A girl is sent to live with her uncle on his estate when her parents die. There she discovers much intrigue, family history and secrets and personal baggage. In particular, a screaming child and...a secret garden.
Fred M. Wilcox
Peter Frye, typical American boy, is orphaned when his parents are caught in the London Blitz. He is not told of their fate, but shuttled from one selfish relative to the next, ending with "Gramp," a kindly ex-vaudevillean. Peter and Gramp, both fond of "Irish bulls," get along fine; but the morning after Peter finally learns he's an orphan, his hair spontaneously turns green! The absurd over-reactions of stupid people overturn his life as the story becomes a parable. Written by
Rod Crawford <email@example.com>
Unfortunately for the film's director, Joseph Losey, the eccentric, politically conservative Howard Hughes took over RKO while this film was being shot and, hating the film's pacifist message, did his best to sabotage it. Losey, however, managed to protect the integrity of his project. Screenwriter Ben Barzman, who was also later blacklisted along with Losey, would later recall that "Joe shot the picture in such a way that there wasn't much possibility for change. A few lines were stuck in here and there to soften the message, but that was about it". Barzman also remembered that 12-year-old Dean Stockwell was called into Hughes' office and Hughes told him that when the other children spoke of the horror of war, he should say, "And that's why America has gotta have the biggest army, and the biggest navy, and the biggest air force in the world!" According to Barzman, little Stockwell was so in sympathy with the film's message that he dared to respond, "No, sir!" Even after Hughes started to scream at him, the boy held his ground and refused to do it. See more »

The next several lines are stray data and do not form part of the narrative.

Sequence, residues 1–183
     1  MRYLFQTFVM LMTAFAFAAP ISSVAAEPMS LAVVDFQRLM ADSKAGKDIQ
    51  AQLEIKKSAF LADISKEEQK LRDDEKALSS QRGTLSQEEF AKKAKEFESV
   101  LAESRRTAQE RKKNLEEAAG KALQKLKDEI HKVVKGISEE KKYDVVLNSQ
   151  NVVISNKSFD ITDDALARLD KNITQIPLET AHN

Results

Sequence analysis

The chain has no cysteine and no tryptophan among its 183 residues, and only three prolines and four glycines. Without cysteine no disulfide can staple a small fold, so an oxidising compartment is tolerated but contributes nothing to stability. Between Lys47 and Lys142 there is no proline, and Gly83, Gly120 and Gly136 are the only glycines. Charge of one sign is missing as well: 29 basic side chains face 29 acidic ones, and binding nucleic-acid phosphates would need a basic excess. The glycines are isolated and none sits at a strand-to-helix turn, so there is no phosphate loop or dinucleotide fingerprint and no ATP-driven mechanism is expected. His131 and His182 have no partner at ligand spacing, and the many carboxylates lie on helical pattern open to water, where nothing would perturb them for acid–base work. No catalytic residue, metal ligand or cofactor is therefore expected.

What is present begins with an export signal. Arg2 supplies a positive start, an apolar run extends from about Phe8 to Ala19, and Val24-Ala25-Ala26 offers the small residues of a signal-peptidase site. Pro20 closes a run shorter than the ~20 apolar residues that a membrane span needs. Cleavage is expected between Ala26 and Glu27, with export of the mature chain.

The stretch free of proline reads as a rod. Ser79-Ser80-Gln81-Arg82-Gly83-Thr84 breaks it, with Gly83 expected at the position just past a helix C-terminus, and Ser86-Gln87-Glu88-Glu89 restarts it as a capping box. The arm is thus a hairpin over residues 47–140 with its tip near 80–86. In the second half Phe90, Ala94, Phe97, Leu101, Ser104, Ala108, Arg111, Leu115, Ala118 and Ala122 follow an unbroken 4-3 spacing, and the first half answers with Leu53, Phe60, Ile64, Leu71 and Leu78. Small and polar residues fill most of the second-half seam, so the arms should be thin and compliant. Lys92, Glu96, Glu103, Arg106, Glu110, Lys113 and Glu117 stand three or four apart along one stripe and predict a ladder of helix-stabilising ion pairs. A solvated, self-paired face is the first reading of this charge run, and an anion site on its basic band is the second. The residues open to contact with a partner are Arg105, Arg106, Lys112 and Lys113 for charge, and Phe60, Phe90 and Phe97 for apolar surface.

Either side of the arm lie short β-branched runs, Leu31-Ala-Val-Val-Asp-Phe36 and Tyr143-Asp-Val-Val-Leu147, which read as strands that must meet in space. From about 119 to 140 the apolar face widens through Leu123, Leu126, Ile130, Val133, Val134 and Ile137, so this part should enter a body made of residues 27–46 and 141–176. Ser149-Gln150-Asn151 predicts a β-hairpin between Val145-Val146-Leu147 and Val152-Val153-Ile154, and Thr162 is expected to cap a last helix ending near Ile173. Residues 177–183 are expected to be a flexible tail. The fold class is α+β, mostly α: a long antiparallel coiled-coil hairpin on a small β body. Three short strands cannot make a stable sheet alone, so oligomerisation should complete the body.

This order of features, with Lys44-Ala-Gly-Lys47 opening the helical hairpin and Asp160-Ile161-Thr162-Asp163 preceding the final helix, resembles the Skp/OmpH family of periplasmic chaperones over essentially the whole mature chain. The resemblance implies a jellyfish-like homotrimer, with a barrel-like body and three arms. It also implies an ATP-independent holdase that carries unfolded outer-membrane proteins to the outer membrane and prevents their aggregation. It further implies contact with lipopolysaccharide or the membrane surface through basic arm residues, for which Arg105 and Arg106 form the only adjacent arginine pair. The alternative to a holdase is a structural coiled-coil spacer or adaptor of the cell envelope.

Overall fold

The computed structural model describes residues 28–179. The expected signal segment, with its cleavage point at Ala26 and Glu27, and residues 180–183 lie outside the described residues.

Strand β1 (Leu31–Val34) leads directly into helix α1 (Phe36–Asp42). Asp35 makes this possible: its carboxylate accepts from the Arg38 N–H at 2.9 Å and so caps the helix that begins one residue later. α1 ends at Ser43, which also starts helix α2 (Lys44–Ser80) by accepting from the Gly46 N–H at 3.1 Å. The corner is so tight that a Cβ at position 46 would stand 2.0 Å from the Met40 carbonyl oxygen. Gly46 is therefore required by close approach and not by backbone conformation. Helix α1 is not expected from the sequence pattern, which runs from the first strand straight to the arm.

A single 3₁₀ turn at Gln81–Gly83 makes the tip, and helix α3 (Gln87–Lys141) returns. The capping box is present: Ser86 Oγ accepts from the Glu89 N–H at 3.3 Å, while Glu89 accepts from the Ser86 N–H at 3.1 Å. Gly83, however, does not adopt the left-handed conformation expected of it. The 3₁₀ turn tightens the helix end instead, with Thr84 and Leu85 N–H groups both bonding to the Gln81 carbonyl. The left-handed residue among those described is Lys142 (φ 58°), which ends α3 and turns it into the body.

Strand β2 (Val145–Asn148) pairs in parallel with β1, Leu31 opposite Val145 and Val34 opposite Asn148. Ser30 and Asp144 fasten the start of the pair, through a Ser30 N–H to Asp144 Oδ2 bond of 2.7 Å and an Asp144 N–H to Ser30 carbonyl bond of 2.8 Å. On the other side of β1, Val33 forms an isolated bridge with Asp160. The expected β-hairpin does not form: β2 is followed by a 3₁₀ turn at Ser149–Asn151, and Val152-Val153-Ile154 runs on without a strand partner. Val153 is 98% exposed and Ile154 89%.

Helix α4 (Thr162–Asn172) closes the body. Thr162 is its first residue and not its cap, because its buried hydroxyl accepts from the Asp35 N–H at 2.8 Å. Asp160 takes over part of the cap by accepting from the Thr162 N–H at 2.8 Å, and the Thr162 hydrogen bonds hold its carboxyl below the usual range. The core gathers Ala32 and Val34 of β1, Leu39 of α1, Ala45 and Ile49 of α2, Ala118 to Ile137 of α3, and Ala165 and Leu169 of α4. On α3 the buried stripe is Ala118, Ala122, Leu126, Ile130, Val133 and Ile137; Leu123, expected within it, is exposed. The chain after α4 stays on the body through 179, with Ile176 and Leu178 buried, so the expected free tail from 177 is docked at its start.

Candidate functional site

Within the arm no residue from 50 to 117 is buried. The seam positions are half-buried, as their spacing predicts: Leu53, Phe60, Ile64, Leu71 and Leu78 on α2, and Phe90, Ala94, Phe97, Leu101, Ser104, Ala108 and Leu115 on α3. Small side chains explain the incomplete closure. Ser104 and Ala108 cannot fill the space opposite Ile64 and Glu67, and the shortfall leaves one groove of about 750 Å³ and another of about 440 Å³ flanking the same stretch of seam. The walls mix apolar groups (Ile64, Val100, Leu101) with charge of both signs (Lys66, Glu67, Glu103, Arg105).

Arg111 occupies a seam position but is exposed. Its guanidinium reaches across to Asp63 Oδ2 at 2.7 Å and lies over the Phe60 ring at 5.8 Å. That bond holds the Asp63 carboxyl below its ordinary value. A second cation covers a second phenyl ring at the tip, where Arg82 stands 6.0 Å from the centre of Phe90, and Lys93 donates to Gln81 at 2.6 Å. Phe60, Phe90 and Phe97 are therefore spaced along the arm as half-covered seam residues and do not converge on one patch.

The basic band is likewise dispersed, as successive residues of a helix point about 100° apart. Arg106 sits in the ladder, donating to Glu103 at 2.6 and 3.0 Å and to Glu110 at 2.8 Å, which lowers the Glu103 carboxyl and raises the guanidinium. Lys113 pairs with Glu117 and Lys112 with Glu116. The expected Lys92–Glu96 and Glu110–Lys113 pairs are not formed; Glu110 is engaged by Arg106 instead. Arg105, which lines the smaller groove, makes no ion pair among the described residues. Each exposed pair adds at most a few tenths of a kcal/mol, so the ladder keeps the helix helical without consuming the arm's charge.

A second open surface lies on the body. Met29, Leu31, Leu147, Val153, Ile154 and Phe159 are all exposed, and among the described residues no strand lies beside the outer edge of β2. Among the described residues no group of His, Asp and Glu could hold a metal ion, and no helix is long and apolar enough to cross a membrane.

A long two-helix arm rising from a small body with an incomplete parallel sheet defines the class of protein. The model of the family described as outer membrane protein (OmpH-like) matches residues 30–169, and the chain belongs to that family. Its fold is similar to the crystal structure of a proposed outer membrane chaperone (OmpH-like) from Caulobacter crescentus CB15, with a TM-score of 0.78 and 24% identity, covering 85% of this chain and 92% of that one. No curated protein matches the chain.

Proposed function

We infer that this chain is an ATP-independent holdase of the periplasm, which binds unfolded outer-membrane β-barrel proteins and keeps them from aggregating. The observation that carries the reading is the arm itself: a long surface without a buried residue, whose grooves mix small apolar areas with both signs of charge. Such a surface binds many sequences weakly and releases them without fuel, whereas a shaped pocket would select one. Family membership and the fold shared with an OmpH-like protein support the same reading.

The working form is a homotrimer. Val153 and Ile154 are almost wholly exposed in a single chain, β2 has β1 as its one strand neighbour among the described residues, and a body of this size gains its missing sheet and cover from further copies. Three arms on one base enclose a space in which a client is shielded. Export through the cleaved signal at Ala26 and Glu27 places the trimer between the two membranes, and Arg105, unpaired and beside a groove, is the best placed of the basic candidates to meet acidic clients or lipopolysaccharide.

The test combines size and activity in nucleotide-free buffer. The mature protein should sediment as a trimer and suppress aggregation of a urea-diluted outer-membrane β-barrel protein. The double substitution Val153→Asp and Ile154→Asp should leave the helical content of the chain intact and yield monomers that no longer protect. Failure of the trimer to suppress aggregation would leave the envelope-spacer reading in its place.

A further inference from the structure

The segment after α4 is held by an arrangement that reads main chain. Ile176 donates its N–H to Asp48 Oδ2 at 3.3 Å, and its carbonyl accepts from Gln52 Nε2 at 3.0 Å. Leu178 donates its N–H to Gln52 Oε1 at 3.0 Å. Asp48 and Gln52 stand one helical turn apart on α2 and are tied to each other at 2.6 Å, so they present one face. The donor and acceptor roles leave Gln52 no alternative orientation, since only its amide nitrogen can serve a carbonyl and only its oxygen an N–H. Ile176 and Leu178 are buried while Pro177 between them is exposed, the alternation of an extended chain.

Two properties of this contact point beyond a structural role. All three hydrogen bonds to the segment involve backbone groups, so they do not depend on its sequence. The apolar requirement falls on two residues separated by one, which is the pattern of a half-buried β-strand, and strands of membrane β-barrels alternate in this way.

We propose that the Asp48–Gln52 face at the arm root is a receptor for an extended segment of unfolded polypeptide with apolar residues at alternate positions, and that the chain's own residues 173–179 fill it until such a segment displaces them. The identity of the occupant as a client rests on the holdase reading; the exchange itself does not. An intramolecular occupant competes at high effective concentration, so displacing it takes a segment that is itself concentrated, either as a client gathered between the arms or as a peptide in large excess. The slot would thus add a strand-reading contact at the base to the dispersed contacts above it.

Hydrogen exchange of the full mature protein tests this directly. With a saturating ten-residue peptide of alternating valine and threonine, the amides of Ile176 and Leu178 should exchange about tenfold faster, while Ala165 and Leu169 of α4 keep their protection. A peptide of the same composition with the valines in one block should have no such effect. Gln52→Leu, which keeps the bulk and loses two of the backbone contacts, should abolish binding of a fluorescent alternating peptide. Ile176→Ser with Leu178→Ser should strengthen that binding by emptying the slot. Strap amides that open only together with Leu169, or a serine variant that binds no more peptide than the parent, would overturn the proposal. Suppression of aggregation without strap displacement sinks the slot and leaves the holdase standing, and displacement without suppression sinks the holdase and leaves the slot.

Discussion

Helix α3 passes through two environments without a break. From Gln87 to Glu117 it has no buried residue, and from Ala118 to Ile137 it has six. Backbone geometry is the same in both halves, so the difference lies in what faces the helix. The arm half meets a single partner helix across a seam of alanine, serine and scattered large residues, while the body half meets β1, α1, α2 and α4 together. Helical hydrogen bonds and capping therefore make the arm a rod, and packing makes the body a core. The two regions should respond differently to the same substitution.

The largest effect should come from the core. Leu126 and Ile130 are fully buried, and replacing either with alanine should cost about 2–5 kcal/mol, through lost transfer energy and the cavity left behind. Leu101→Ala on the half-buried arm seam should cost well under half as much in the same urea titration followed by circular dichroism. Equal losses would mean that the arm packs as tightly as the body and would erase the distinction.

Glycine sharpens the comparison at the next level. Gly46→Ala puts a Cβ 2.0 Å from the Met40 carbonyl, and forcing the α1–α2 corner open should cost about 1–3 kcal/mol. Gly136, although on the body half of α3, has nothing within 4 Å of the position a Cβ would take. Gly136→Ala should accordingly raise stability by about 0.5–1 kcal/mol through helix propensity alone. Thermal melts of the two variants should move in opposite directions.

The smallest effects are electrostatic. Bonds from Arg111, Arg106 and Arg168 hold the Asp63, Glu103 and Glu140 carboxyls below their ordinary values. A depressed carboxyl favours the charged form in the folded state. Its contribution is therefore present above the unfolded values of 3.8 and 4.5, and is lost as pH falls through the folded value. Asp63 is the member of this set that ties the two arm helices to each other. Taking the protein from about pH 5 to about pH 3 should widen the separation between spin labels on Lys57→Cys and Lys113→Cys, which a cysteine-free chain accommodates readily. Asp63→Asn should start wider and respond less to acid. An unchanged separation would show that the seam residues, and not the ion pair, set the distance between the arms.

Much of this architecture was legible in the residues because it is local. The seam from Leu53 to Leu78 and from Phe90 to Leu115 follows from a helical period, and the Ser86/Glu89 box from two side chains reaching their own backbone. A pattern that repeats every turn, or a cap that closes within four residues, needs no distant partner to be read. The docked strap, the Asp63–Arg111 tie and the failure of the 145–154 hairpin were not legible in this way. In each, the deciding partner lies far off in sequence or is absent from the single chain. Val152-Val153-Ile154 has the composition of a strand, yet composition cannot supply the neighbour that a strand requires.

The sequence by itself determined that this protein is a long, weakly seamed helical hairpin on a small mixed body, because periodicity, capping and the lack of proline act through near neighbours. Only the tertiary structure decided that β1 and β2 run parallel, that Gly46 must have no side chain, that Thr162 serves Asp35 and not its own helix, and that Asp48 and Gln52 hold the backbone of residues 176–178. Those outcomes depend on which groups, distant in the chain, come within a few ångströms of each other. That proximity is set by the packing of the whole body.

When the barber is preparing to cut his hair, a close-up shot shows a chunk of cut hair on his right side. Then when the barber begins cutting, it's not there. But re-appears for the next close-up of him crying. See more »
But they don't know that. They think everybody has to get killed. The world doesn't have to be blown up.
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I, too, first saw this film a little while after it came out, when I was younger than the main character was supposed to be. It has stayed with me for the next half-century, and I considered myself very lucky to find a video in a sale bin about ten years ago.
Really, it foreshadowed the '60's - it is not only about the fact that being different should be OK, but more about the consequences of intolerance, about folks' reactions, their illogic, and where those reactions can take us. This is all done with a nice soupcon of fantasy to make the moral point easy to understand (subtlety isn't the film's strong point).
There's a story in the newspapers about a twelve-year-old boy in 6th grade who last week came to school with hair dyed green for St. Patrick's day, incidentally. Three guesses what happened to him....
See this movie.
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